Some of Taiwan’s manufacturing giants and best-known brands found themselves in the international spotlight this week, and not for a good reason.
Hon Hai Precision Industry Co — known internationally as Foxconn Technology Group — Acer, Asustek Computer and HTC Corp were among the 83 companies named as “directly or indirectly benefiting” from China’s deployment of tens of thousands of Uighurs as forced labor in 27 factories in nine provinces from 2017 to last year, the Australian Strategic Policy Institute said in a report, titled Uyghurs For Sale, released on Sunday.
More than 80,000 Uighurs were moved from the Xinjiang region to work in the factories, where they were barred from leaving to visit family or practicing their religion, and needed to take ideology and Mandarin classes outside of working hours, the report said, adding that the number was a conservative estimate and that the real figure is likely much higher.
Foxconn has been an active participant in Beijing’s “Xinjiang Aid” scheme, which aims to assign work to “idle” Uighurs in the name of poverty alleviation and help Sinicize them by reforming their “backward qualities,” the report said, adding that Uighurs had been employed at the firm’s giant Zhengzhou factory in Henan Province.
The institute’s report is the latest in a line of investigations by rights groups, The Associated Press, the BBC and other media outlets into the abuse of Uighurs and other Turkic-speaking Muslim minorities in Xinjiang, but that did not stop the Chinese Ministry of Foreign Affairs on Monday from slamming the report’s “lack of factual basis” as a bid to smear China’s “efforts to oppose terrorism and fight extremism.”
China had said that it was transferring “surplus” labor out of Xinjiang as part of poverty alleviation efforts, but when deciding who to believe, companies that source products from the manufacturers and contractors named in the report — and consumers — should not accept Beijing’s version of reality.
The report’s authors urge the companies cited to conduct immediate and thorough human rights due diligence of their factory labor, and protect Uighurs and other workers from involuntary transfers and other punishments — and for consumers and consumer advocacy groups to demand that they do so.
Given Foxconn’s poor track record when it comes to workers’ rights and labor abuses, as documented by the US-based China Labor Watch and other groups, its involvement in questionable employment of Uighurs from Xinjiang should surprise no one.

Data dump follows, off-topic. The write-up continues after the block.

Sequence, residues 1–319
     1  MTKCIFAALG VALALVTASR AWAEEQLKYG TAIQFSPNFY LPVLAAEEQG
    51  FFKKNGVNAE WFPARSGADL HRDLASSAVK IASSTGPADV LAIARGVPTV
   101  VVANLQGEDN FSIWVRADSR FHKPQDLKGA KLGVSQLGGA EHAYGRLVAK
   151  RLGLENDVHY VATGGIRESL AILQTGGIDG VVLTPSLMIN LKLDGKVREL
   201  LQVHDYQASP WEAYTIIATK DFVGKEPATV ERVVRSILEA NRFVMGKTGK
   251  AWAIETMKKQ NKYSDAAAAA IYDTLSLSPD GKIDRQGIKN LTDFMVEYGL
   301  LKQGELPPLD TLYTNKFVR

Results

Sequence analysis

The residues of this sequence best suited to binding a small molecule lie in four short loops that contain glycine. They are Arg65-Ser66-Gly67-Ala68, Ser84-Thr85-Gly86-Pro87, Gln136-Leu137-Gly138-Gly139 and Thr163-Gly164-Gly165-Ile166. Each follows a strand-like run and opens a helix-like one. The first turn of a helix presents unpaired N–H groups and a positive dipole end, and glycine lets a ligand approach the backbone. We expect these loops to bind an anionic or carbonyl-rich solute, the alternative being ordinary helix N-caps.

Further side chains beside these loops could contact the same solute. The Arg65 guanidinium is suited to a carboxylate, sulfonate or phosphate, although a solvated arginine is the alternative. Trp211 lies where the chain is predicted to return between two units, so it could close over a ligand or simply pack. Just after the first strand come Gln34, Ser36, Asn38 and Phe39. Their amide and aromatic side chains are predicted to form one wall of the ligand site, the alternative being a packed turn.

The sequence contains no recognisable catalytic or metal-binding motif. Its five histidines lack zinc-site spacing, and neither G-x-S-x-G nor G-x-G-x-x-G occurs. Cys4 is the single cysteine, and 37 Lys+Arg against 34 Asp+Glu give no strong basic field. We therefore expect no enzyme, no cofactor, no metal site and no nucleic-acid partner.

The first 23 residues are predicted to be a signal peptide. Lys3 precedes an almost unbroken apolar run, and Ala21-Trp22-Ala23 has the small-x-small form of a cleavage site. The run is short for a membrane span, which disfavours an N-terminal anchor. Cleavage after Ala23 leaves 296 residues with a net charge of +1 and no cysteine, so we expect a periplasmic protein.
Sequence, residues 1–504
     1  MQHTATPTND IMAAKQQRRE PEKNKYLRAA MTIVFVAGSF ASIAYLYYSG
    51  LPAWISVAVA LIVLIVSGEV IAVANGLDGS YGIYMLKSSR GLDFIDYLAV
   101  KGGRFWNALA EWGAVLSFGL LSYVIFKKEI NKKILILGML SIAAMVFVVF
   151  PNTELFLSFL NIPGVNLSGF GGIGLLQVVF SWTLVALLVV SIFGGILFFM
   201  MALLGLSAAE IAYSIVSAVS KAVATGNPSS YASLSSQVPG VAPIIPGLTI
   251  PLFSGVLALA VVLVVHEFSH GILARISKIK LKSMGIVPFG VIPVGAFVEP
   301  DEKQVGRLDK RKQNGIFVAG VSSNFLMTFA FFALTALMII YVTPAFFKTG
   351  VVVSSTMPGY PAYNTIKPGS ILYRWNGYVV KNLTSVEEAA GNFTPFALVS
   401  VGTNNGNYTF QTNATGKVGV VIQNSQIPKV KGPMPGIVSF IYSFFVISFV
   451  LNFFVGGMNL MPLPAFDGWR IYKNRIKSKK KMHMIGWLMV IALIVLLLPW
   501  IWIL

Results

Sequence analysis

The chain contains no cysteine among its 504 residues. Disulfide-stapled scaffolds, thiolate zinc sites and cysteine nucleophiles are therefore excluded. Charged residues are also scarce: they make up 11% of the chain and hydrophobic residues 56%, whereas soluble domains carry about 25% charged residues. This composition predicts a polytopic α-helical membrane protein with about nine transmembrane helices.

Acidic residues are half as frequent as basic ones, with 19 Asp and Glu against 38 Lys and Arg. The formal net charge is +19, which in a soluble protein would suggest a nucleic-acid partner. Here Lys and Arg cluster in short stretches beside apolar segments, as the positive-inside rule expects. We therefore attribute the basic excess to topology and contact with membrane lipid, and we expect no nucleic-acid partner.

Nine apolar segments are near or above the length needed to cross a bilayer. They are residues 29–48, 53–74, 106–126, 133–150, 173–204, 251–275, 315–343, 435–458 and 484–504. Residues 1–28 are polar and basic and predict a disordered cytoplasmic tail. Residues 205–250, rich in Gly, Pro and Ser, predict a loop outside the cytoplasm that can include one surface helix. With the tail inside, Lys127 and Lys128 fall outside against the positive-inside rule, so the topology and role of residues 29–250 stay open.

A decade ago, the firm came under intense pressure from customers, rights groups and consumers after a wave of employee suicides at its Chinese plants.
While Foxconn — along with Asustek, Acer and HTC — should face similar condemnation from customers and consumers for using forced Uighur labor, they should worry about actions by the US and other governments. The report said that companies using forced Uighur labor in their supply chains could find themselves at risk of bans that prohibit the import of goods made with forced labor, or that mandate the disclosure of such supply-chain risks.
In October last year, the US Department of Commerce added eight Chinese tech firms to its Entity List for their role in enabling human rights violations against Muslims in China, including Uighurs and Kazakhs.
Companies and organizations on the list have to apply for additional licenses if they want to buy from US suppliers, and approval is difficult to obtain, which is why the US government is using the list as part of its efforts to restrict Huawei Technologies Co.
Given the financial pressures that Foxconn et al are facing as a result of the COVID-19 outbreak in China, and the ensuing disruption to international supply chains and production schedules, such penalties are the last thing they need.
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